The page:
Shares of UPS were under pressure on Wednesday following the company's investor day
UPS held its highly anticipated analyst day on Wednesday. At the event the company said pricing could stay stronger for longer because shipping capacity will be slow to recover from the COVID-19 pandemic. UPS also noted that 2023 operating earnings projections were 5% higher that forecasts. While JPMorgan analyst Brian Ossenbeck upgraded the stock to Overweight on "incremental positives" provided by the company's event, his peer at Stephens said the event "failed to live up to raised investor expectations." Morgan Stanley analyst Ravi Shanker shared the latter's opinion, telling investors that the analyst day was "not quite the event promised."
INCREMENTAL POSITIVES: JPMorgan analyst Brian Ossenbeck upgraded UPS to Overweight from Neutral with a price target of $243, up from $224. The analyst believes the company's investor day provided "incremental positives" around pricing power, capacity discipline and the dividend yield. Further, Ossenbeck sees an attractive entry point following the stock's underperformance. The majority of investors were confused and frustrated by messaging at the event, which likely lingers for some time, but UPS "left multiple areas of potential upside" versus its 2023 guidance if execution continues improving and industry fundamentals remain supportive, the analyst contended.
Meanwhile, Oppenheimer analyst Scott Schneeberger raised the firm's price target on UPS to $222 from $210, keeping an Outperform rating on the shares. The analyst noted that at its investor day, UPS highlighted targeted areas of growth, including small-to-medium sized businesses, healthcare and international, provided 2023 financial targets, and established new ESG targets. Further, 2023 financial targets of total revenue of $98-$102B, total adjusted operating margin of 12.7%-13.7%, cumulative 2021-2023 capex of $13.5B-$14.5B, and adjusted ROIC 26%-29% were "solid," albeit seemingly not sufficiently ambitious per market expectations. This was particularly true for margins, given strong momentum built since the onset of the pandemic, Schneeberger added. The analyst perceives the guidance as appropriately conservative and "appearing achievable with upside potential."
Keeping a Market Perform rating on the stock, BMO Capital analyst Fadi Chamoun raised his price target on UPS to $200 from $195. The company's 2023 financial targets imply above-consensus high $12 earnings per share and EBIT of $12.4B-$14B, but also suggest a more moderate rate of growth, the analyst noted. While growth in volumes will "naturally moderate" given tougher comps post-pandemic, Chamoun welcomes UPS management's continued emphasis on improving the balance sheet.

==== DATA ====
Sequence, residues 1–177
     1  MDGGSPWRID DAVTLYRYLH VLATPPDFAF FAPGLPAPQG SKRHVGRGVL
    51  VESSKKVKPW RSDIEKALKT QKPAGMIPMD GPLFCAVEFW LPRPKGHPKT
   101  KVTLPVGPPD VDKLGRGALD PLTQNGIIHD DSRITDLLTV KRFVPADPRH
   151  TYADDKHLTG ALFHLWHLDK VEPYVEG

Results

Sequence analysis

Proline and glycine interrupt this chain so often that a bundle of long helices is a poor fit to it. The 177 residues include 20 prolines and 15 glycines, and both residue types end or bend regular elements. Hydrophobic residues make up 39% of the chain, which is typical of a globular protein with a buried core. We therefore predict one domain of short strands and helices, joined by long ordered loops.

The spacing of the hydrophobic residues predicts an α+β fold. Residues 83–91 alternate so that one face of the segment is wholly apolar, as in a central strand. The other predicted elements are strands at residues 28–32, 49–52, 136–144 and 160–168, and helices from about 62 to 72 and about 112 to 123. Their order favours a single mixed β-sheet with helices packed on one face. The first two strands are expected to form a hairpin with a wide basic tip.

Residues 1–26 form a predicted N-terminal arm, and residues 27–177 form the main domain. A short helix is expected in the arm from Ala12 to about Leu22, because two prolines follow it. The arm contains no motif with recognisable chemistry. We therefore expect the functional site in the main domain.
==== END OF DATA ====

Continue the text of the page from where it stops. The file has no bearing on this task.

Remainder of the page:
'NOT QUITE THE EVENT PROMISED': While Morgan Stanley analyst Ravi Shanker raised the firm's price target on UPS to $130 from $120, he kept an Underweight rating on the shares following an analyst day that he calls "light on the details" around guidance, cost savings, pricing strategy and competition that he "and the market were looking for." At a high level, the tone of the event was very positive and the content and message did not deviate much from past UPS analyst days under an almost all-new management team, Shanker acknowledged. However, the analyst pointed out that this may be "somewhat of a disappointment" as management had indicated that "everything was on the table" and that "no stone would be left unturned." He further argued that "the biggest drivers of UPS' ability to hit its guide appear to be outside its control" as achieving its targets will require no pandemic unwind, no competitive loss and big small-to-midsize business gains in his view.
UPS Stephens analyst Jack Atkins also raised the firm's price target on UPS to $215 from $207, while maintaining an Equal Weight rating on the shares after the company issued "its long awaited and much anticipated" long-term financial targets through 2023 at its analyst day. While UPS noted that its long-term targets were biased to the upside, the event "failed to live up to raised investor expectations," which is "much like other UPS analyst days over the past decade," Atkins argued. A key focus was U.S. Domestic package margins and the company's 10.5%-12% target by 2023 "was simply not enough" given the stock was up 25% year-to-date, he added.
PRICE ACTION: In Thursday afternoon trading, shares of UPS have gained over 1% to $203.62.
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